Documentary Envisions What the Blind Can Teach the Sighted About Truly Seeing

Garrett Zevgetis met a young woman around whom he felt a dramatic narrative could be built to tell a story about something more than beauty -- something about facing fear, facing down fear and finally of overcoming whatever obstacles life hurls at us.
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"The most beautiful things in the world cannot be seen or even touched, they must be felt with the heart." -- Helen Keller

After making a darkly moving documentary about a military mercenary training camp, Navy vet turned filmmaker Garrett Zevgetis wanted to focus his unblinking lens on something positive for his next project. Exploring the subject of beauty, he stumbled upon the above quote from the woman who has come to symbolize the human capacity to overcome life's most challenging "disabilities" and "disadvantages" -- whether they be blindness or one's own internalized limitations.

As it so happened, Zevgetis lives very near the Perkins School for the Blind in Watertown, Massachusetts, whose most famous pupil was Helen Keller. After volunteering at the school for several months, he met a young woman around whom he felt a dramatic narrative could be built to tell a story about something more than beauty -- something about facing fear, facing down fear and finally of overcoming whatever obstacles life hurls at us.

The work in progress, Three Days to See turns out to be a film about that kind of beauty, he says. As he and his production team seek the funding to complete editing, through a Kickstarter campaign that ends February 3, the film's unlikely heroine, 20-year-old Michelle Smith, is taking her upcoming star turn in stride and with pride as well. Mainly because, as she says in one promotional video clip: "It's not about blindness -- it's about a girl who happens to be blind and happens to have Asperger syndrome. The movie has some good lessons, the main one being that you shouldn't judge people by the way they look. It's also about being passionate about the things you like."

As she told Maine's state newspaper, the Bangor Daily News in her hometown, "Whoever you are, you should always be yourself. The only thing more dangerous than lying to others is lying to yourself."

The coming-of-age film follows her as she's about to graduate from the relative womb of Perkins and take her first precarious steps into an independent life, dealing with her troubled past, confronting her innermost fears and eventually recognizing her own inner strength. As of now, she is living in Bangor at home with Mom and considering a future in writing or publishing after college. That alone is a huge step for a legally blind person who, statistics suggest, could have a blank screen for her future; up to 75 percent of legally blind Americans are unemployed, according to the American Federation of the Blind.

Director Zevgetis traces the origins of his own metamorphosis from military man to moviemaker to a chance listen to a Miles Davis track on NPR radio. The instrumental was from the jazz trumpeter's 1959 album "Kind of Blue," regarded by many critics as the greatest jazz album of all time and Davis's masterpiece. Sitting in his car, Zevgetis was suddenly overwhelmed by such emotion that this former crusty squid shed a tear.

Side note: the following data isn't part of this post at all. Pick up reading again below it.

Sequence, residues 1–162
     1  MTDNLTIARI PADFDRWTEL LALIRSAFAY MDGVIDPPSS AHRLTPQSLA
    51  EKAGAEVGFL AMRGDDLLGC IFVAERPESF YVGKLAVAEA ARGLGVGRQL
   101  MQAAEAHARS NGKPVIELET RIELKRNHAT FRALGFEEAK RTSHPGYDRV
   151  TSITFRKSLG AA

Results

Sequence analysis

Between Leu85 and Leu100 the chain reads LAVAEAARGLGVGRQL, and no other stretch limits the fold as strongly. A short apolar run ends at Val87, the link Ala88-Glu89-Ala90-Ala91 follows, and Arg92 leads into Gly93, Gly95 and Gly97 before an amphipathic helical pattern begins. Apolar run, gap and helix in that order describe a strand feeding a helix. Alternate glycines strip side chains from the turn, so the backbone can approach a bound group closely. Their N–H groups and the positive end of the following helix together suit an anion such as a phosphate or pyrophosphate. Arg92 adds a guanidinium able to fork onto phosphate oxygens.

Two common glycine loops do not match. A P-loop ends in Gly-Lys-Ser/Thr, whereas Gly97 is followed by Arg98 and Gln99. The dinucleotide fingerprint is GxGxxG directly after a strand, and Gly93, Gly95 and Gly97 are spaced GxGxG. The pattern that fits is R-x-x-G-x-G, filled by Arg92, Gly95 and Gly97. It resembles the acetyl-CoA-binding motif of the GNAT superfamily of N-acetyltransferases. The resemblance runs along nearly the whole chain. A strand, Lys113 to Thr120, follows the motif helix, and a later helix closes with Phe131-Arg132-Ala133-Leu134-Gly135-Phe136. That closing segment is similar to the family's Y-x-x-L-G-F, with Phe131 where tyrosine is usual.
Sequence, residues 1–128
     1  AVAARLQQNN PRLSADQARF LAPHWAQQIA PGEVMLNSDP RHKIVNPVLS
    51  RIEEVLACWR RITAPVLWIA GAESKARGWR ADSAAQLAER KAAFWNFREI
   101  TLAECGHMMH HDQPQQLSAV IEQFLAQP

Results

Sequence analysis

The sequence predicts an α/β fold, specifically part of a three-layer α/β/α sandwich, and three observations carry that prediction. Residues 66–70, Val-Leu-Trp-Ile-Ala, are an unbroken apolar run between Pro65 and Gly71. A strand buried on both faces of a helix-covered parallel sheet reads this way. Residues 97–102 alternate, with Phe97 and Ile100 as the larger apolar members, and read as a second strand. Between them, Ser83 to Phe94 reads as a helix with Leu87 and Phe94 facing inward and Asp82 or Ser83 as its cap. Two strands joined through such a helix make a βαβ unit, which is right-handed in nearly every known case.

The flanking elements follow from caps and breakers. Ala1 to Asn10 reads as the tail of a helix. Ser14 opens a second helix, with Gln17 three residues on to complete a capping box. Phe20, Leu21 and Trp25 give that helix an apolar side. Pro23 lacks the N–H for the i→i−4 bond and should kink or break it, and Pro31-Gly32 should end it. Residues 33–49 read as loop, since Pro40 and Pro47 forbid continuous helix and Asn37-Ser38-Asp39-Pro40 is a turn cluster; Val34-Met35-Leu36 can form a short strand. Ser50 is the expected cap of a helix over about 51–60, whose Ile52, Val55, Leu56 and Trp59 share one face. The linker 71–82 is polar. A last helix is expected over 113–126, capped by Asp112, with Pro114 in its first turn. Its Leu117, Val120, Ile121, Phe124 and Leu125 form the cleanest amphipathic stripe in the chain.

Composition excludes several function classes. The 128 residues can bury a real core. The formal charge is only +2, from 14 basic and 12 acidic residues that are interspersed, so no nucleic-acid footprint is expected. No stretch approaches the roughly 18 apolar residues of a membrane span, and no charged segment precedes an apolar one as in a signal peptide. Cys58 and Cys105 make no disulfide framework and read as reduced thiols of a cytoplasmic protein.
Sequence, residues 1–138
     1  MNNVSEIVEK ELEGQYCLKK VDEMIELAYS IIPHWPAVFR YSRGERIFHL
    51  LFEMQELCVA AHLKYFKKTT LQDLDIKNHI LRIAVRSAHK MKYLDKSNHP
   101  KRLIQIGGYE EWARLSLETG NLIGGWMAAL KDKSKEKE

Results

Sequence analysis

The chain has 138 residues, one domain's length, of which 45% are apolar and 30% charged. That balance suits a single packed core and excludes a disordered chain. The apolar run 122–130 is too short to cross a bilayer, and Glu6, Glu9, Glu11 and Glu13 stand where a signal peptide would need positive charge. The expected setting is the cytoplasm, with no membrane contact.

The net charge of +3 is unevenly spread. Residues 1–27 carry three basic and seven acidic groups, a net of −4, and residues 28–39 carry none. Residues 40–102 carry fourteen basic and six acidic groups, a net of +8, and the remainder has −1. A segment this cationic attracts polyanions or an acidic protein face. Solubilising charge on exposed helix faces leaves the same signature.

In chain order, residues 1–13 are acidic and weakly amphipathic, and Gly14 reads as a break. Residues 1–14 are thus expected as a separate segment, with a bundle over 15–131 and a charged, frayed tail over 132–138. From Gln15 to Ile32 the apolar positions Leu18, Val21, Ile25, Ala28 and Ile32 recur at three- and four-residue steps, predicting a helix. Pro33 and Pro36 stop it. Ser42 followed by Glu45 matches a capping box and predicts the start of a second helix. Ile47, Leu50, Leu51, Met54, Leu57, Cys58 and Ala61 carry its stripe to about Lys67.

It was his bolt.

"If music without words can speak so deeply to a guy like me, then all the arts can inspire everyone to feel something very strong and do something greater and beyond themselves," he vividly recalls thinking.

The direction of his life changed: Now he wanted to join the brigade of activists working for civil rights by showing what we all have in common rather than what separates us. He gravitated to the documentary film form interning at the Boston PBS station's Frontline, where the show creator David Fanning gave him the credo by which he works: "Narrative journalism is the high calling."

The film project has garnered the enthusiastic support of the American Foundation for the Blind, the Asperger Women's Association and the National Braille Press, the last of which sponsored rewards for Kickstarter backers. Braille Design, of Jonesboro, Arkansas, donated custom bracelets for backers who donate $250. For those who contribute $2,000 to the campaign, the Charles Hotel, a AAA Four Diamond in Cambridge, Massachusetts, contributed three one-night stays, including dinner for two at Henrietta's Table and cocktails served by director Zevgetis himself, who happens to hold down a job there as a bartender.

Their generosity is being matched by others in perhaps smaller financial ways but with large shares of heart. Like from the mother who lost her seven-year-old son, who with four other moms facing family health challenges or loss sent a pledge with this note: "Thank you for the opportunity from all of us who make a pledge that celebrates meaning in our lives."

The film title comes from an essay Keller wrote for the Atlantic Monthly in 1933, "Three Days to See." In it she imagines what she would want to see if she had sight for just three days. She invites people with sight to imagine themselves in the same situation and concludes, "Your eyes would touch and embrace every object that came within your range of vision. Then, at last, you would really see, and a new world of beauty would open itself before you." She suggests if everyone could maintain that level of appreciation to every moment of life, what a wonderful world this would indeed be.

This sentiment was poignantly echoed in an English gentleman's note to Garrett's Facebook page: "Hi Garrett, you don't know me but I saw your appeal and donated what I could. I lost my sight two years ago and I really feel for those who have never had the privilege of sight and those who have sight but don't see."

For more by Perry Garfinkel, click here.